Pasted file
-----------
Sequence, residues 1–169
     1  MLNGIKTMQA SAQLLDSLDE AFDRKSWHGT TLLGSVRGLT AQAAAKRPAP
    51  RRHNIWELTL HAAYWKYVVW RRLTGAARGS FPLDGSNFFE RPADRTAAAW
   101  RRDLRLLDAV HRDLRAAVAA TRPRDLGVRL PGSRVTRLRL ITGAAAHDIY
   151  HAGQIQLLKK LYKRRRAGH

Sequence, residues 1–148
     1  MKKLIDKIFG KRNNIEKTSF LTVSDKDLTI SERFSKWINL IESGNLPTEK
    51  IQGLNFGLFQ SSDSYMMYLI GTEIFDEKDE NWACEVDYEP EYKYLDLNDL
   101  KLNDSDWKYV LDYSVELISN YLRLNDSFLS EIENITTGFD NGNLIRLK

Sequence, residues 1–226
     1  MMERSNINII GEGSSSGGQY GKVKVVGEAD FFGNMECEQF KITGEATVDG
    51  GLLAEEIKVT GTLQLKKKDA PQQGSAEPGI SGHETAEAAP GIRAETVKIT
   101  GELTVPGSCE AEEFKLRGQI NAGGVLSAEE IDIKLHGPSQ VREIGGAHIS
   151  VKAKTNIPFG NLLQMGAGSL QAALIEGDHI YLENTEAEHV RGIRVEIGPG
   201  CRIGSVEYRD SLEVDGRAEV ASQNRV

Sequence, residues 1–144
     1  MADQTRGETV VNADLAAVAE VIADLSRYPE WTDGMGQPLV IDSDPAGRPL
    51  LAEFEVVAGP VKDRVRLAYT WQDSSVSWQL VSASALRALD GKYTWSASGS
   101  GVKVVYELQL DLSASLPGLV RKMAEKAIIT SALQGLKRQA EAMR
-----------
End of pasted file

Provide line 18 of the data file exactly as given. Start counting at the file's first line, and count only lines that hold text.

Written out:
    51  LAEFEVVAGP VKDRVRLAYT WQDSSVSWQL VSASALRALD GKYTWSASGS